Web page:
But wouldn’t it be better to actively support the arts and give Houstonians (and, for that matter, visitors) a reason to stop and experience something unexpected and very special—say, in actual public spaces in the city whose image the airport art is trying to bolster?
Pace Diaz, there are few worse places to expect a meaningful encounter with art than airports, where the only unexpected and very special thing people are in a state of mind to deal with is an on-time departure or arrival. There’s something counterintuitive about the idea that people who think there’s no better place for art than an airport shouldn’t have to test that proposition in the fundraising marketplace while people who think there’s no better place than a park should.
Having got that off my chest, here’s what the Hermann Park Conservancy has come up with for Art in the Park: five commissions, including Trenton Doyle Hancock’s mixed-media installation for the park’s train tunnel; and four loans, most notably Louise Bourgeois’s monumental bronze Spider (1996), which will spend the summer seeming to float menacingly above the Mary Gibbs & Jesse H. Jones Reflecting Pool.
Doyle’s colorful installation, consisting of both vinyl that adheres to the tunnel walls and three-dimensional build-outs of the creatures populating his fantastical landscape, is permanent. Other commissions will last from as short as two weeks—in the case of Kurt Perschke’s RedBall Project, in which his large inflatable ball squeezes itself into a different architectural setting each day—or as long as several years, in the case of Patrick Dougherty’s site-specific installation made from locally harvested saplings.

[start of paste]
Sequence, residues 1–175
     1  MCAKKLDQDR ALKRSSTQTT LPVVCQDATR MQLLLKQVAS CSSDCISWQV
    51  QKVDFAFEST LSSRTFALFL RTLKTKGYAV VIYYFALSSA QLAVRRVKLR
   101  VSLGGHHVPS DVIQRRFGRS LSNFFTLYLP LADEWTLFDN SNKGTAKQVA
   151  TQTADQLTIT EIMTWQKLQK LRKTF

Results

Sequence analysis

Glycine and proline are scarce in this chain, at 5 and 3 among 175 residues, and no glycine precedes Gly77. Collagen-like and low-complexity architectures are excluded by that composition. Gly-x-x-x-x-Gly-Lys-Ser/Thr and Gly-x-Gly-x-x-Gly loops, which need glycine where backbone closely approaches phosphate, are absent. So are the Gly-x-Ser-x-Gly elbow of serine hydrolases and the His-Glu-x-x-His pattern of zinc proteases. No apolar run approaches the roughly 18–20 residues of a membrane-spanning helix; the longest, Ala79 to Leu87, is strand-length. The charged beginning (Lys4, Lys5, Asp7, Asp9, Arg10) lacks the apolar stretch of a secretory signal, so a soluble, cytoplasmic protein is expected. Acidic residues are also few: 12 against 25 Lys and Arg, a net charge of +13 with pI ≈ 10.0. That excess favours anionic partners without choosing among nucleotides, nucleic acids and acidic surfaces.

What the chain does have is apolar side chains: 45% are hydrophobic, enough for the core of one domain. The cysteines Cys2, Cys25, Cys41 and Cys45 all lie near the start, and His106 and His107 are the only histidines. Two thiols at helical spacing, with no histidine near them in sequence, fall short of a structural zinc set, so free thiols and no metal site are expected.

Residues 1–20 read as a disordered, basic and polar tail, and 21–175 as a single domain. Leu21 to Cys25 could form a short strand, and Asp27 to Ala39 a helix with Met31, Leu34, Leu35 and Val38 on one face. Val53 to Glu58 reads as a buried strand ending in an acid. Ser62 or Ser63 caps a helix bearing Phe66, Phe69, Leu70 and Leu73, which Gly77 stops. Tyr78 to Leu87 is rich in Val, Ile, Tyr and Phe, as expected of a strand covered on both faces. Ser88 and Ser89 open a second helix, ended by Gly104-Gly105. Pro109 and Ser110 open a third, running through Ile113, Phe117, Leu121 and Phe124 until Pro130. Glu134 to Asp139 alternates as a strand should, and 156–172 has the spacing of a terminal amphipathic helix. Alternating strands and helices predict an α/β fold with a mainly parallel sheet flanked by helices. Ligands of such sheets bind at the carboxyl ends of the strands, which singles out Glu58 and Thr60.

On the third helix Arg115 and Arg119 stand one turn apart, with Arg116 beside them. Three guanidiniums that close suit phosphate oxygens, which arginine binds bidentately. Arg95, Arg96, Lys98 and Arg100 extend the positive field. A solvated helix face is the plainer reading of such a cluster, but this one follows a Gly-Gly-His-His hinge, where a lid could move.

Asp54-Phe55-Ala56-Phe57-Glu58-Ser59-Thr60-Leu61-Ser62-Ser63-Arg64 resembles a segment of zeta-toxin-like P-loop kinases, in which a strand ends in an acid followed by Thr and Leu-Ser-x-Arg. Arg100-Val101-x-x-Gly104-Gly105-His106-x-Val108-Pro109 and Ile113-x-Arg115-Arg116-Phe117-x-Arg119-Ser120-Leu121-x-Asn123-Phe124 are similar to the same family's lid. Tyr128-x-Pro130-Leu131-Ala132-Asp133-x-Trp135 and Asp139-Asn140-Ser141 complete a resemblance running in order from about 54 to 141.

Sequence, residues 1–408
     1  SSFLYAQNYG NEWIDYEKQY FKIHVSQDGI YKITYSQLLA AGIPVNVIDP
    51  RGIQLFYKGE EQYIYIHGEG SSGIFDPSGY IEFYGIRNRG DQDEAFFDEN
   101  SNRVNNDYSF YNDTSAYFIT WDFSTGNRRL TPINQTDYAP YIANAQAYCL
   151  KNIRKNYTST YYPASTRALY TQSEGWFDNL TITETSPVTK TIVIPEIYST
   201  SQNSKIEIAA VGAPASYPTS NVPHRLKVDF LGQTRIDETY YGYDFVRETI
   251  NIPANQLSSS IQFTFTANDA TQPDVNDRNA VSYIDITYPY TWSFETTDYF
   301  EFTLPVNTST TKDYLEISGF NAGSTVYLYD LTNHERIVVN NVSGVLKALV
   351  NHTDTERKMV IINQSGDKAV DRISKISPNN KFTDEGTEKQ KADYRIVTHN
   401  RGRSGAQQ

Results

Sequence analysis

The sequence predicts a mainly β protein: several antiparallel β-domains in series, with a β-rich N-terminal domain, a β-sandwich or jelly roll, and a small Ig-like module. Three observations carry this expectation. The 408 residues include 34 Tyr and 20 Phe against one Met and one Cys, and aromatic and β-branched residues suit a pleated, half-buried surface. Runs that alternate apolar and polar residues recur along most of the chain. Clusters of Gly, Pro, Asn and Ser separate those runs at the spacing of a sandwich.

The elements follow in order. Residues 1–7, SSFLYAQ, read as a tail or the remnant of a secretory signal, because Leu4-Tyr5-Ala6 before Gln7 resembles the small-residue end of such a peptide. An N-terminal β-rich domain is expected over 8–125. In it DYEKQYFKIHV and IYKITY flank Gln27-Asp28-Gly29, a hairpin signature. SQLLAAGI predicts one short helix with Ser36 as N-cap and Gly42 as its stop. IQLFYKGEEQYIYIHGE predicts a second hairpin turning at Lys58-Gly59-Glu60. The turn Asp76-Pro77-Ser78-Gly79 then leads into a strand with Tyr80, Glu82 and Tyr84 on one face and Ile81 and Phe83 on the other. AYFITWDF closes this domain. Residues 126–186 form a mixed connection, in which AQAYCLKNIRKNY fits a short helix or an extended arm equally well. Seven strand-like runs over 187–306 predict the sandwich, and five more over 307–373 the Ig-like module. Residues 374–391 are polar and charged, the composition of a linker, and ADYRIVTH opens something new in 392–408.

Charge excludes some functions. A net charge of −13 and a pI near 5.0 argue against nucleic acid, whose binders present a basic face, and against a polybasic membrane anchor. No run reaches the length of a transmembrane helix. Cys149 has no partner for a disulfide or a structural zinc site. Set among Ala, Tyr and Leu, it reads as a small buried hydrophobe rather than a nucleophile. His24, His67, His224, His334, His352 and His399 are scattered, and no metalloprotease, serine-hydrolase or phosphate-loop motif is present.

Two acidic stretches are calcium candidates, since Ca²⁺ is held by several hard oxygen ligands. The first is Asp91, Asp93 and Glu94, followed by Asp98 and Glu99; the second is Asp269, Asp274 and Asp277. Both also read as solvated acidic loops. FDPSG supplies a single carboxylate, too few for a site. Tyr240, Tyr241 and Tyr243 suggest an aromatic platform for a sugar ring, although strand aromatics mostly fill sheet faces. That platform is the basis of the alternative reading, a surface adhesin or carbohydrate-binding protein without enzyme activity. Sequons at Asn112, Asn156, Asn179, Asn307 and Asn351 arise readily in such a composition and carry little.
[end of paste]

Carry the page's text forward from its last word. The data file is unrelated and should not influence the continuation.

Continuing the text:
Sharon Engelstein’s trademark bubbly sculptural forms—made from foam, with polymer concrete shells—are tentatively scheduled to populate a small hill between the playground and sculpture of George Hermann for three years starting in March. (At press time, the conservancy was still raising the funds for Engelstein’s project and Swiss artist Ugo Rondinone’s Pagan Void, a carpet of phosphorescent stones.)
The remaining projects, all loans, include Yvonne Domengue’s red painted steel sculpture Wind Waves (2009), which starting in January will spend a year on a park island east of the Sam Houston sculpture; Orly Genger’s football-field-length painted rope sculpture Boys Cry Too (2009), which will lay directly on the grass at Brays Bayou Shore for a year starting in March; and MicroPavilion: ReFRAME x FRAME, which is billed as “a motion-triggered sound installation based on environmental data” by the University of Houston Graduate Design/BUILD Studio.
Here’s hoping Art in the Park draws enough support—eventually, one dares dream, from the city—to evolve into an ongoing project. In the percent-for-art ordinance’s early years, it might have made sense for the city and HAA, its nonprofit civic-art agency, to stay out of prioritizing which spaces get public art dollars by keeping the art close to the capital improvement projects that triggered its funding. But as the city’s civic art program matures, now seems like a good time to rethink how that money gets distributed.
Art in the Park
Hermann Park, various sites
2014, various dates